We are flying to Sri Lanka with Cathay Pacific.
It's been a few years since I've flown Business class, so when our bid was accepted for an upgrade we were delighted, but I was also a little apprehensive. From what I remember it was fairly stuffy. No one even seemed to get out of shirt collars, never mind plane pyjamas.
We're both retired, no longer representing anyone but ourselves, but I worry I'll face judgment (or worse) if I turn up in the shorts and jandals combo I'm planning on spending most of the holiday in.
Have things loosened up? Or is there some sort of dress code I need to be aware of?
First off, congratulations on the upgrades! Secondly, relax. You can leave the three-piece suit at home.
No one is seriously suggesting you spend 17 hours in a pressurised tube in your Sunday best. Most long-haul passengers change into something more comfortable the moment the seat-belt signs are extinguished. Airlines are only too happy for you to do so. Some carriers like Qantas, Qatar and even United's Polaris Class guests will provide a set of complimentary jim-jams for the journey. Sadly Cathay Pacific doesn't have pyjamas in Business; fortunately it doesn't have a dress code either.
Though most airlines do have a loose set of guidelines on clothing, Cathay Pacific has no written dress code for flights. Trainers, shorts – hell, you can go full socks and sandals if you're into that. You'd have to look at someone's boarding pass to tell which direction they will turn on entering a plane.
That being said, there are some wardrobe malfunctions where airline staff can't just use their discretion and look the other way.
I've never heard of anyone being "downgraded" for wearing the wrong thing but in a worst-case scenario you can be refused boarding.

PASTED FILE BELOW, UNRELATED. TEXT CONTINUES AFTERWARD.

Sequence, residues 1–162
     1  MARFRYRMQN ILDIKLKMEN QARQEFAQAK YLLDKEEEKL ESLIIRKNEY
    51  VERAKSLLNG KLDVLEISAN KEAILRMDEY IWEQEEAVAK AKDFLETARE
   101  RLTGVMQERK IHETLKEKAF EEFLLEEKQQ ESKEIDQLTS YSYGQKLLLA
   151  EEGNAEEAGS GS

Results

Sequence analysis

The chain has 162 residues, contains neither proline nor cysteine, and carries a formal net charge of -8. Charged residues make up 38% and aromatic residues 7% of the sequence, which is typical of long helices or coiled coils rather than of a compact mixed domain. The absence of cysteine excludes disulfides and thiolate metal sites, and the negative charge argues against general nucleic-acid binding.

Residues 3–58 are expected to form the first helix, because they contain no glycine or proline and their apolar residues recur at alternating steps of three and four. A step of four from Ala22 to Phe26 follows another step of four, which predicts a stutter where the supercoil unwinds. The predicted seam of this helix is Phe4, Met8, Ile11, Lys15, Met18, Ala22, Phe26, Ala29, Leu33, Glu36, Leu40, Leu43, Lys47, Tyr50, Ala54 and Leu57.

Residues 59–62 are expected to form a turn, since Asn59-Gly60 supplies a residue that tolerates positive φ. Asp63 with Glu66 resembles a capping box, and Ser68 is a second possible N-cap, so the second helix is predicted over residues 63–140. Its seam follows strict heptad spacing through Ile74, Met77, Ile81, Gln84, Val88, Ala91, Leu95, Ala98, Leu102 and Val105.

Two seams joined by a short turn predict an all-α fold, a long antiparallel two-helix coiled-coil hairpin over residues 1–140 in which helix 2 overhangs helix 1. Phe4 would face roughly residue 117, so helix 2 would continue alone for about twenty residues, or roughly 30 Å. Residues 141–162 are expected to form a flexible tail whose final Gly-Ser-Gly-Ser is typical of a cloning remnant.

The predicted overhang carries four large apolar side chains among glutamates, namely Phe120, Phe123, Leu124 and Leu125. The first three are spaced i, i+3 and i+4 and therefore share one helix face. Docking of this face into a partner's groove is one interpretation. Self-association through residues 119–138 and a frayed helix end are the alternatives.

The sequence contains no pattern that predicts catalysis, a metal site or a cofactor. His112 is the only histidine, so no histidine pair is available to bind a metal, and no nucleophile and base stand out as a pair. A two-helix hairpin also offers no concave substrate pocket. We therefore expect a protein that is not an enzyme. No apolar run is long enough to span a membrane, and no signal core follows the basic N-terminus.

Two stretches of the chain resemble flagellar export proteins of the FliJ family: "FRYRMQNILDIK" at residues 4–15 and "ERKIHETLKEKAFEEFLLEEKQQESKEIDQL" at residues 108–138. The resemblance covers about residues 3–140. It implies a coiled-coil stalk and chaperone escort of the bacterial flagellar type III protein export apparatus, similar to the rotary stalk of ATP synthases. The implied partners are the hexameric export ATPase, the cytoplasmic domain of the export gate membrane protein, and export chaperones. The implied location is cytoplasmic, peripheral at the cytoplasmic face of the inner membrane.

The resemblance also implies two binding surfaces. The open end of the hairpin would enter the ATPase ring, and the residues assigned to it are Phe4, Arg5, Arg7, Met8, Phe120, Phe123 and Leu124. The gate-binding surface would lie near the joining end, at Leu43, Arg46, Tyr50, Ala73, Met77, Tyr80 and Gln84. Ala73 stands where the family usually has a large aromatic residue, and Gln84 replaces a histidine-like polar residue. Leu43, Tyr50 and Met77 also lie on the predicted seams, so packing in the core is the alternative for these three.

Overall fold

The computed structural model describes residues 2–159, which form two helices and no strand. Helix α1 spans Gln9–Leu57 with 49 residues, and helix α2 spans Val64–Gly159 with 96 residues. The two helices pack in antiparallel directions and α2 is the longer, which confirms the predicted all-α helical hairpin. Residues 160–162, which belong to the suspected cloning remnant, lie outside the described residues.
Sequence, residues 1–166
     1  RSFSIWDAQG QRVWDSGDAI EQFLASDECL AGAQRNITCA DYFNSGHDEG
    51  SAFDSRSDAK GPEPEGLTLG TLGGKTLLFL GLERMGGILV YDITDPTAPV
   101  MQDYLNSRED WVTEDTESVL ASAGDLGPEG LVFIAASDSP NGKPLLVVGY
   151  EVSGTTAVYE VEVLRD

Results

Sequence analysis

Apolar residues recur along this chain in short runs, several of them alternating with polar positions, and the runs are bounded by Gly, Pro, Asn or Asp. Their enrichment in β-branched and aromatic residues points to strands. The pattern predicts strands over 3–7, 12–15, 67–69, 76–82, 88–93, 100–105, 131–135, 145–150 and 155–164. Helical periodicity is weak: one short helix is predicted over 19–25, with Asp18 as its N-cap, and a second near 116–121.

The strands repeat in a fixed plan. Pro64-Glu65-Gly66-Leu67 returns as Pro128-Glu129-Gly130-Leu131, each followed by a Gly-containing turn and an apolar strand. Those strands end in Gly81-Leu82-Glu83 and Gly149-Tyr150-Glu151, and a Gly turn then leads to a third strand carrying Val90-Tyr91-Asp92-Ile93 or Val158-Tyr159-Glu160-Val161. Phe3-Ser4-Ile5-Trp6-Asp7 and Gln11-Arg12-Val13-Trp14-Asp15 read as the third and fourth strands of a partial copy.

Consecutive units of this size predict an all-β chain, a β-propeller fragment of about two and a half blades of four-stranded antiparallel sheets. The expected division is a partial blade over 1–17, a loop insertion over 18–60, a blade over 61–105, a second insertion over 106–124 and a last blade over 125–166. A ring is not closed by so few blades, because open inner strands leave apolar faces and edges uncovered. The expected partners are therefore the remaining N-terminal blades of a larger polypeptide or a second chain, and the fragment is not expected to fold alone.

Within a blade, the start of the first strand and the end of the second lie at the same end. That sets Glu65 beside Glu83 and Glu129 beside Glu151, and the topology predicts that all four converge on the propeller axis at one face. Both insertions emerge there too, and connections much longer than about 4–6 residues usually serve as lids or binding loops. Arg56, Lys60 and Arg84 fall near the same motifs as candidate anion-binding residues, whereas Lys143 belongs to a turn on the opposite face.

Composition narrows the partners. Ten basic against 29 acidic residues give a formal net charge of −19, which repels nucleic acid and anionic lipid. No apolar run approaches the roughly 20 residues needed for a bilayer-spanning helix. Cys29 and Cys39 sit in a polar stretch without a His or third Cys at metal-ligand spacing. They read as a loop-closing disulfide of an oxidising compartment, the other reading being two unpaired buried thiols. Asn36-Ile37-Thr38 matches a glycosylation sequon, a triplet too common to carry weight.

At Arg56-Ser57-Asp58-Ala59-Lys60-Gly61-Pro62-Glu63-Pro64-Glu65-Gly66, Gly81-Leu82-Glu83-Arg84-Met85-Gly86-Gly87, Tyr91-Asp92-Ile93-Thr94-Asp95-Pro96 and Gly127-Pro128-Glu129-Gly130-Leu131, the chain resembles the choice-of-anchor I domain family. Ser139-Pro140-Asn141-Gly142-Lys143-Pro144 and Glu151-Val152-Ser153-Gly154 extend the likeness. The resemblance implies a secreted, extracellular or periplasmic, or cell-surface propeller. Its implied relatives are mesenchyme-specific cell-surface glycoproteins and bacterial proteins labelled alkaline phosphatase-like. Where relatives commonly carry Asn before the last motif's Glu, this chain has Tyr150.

Shoes are one of those things.
Air New Zealand, for example, only has a one-paragraph "dress code" for passengers across all cabin classes to "maintain a tidy standard of dress". However for "health and safety reasons, travellers are required to wear footwear".
IATA guidelines covering plane evacuations suggest plane passengers should wear shoes.
Jandals are one of those grey zones where it's up to the airlines to work out where they stand. BA, for example, is not going to flip-flop on its hard and fast rules on jandals and beachwear, but many other airlines insist on non-committal "casual shoes". In most cases, it's up to the crew to make the call in deciphering the dress code.
In many cases the airline will provide broad guidelines such as Qantas' vaguely worded ban on clothing bearing "offensive words or imagery".
"Offence", of course, is highly subjective. Over Christmas a family from Wellington were surprised to be told their 10-year-old son would not be allowed on the plane back from South Africa wearing a T-shirt with a snake on it. I've certainly sat beside some passengers in get-ups that seem designed to offend the eyes, but it seems odd what causes objections and what slips through the net.
Instead of codifying every "banned" motif, it's usually up to the individual ground staff on the gate to make the call. In most cases you'll be waved on through without any issues.
Having said that a big part of making the most of a Business class flight and starting a holiday the right way is the lounge experience.
Lounges are another matter altogether. When I was researching your question, a spokesperson for Cathay Pacific said though there was no in-flight dress code "it's worth considering that Cathay Pacific asks passengers that their attire is consistent with a professional environment when entering its passenger lounges".
Airline lounges and or pay-to-access lounges can be very particular and seem to make the rules up as they go along.
Qantas' lounges, for example, go as far as to single out a no "ugg boots" policy. This could just be a discrimination against bogans thing but you really have to research before rocking up in your fur-lined boots.
According to Qantas' lounge guidelines "staff have the discretion to refuse entry to any eligible passenger, if in their reasonable opinion the customer's dress does not comply with the dress policy". You won't get a refund either.
Cathay's lounges are slightly more relaxed – in fact, if you have time when transferring through Hong Kong, Cathay's Pier Lounge has a yoga studio and encourages passengers to bring leisurewear to change into.
It might be a plan to stow your jandals and bring a pair of comfy shoes and something smart to wear over your boardshorts.
As long as your clothing is clean and not covered with offensive images or slogans, you should be alright. Safe journey!
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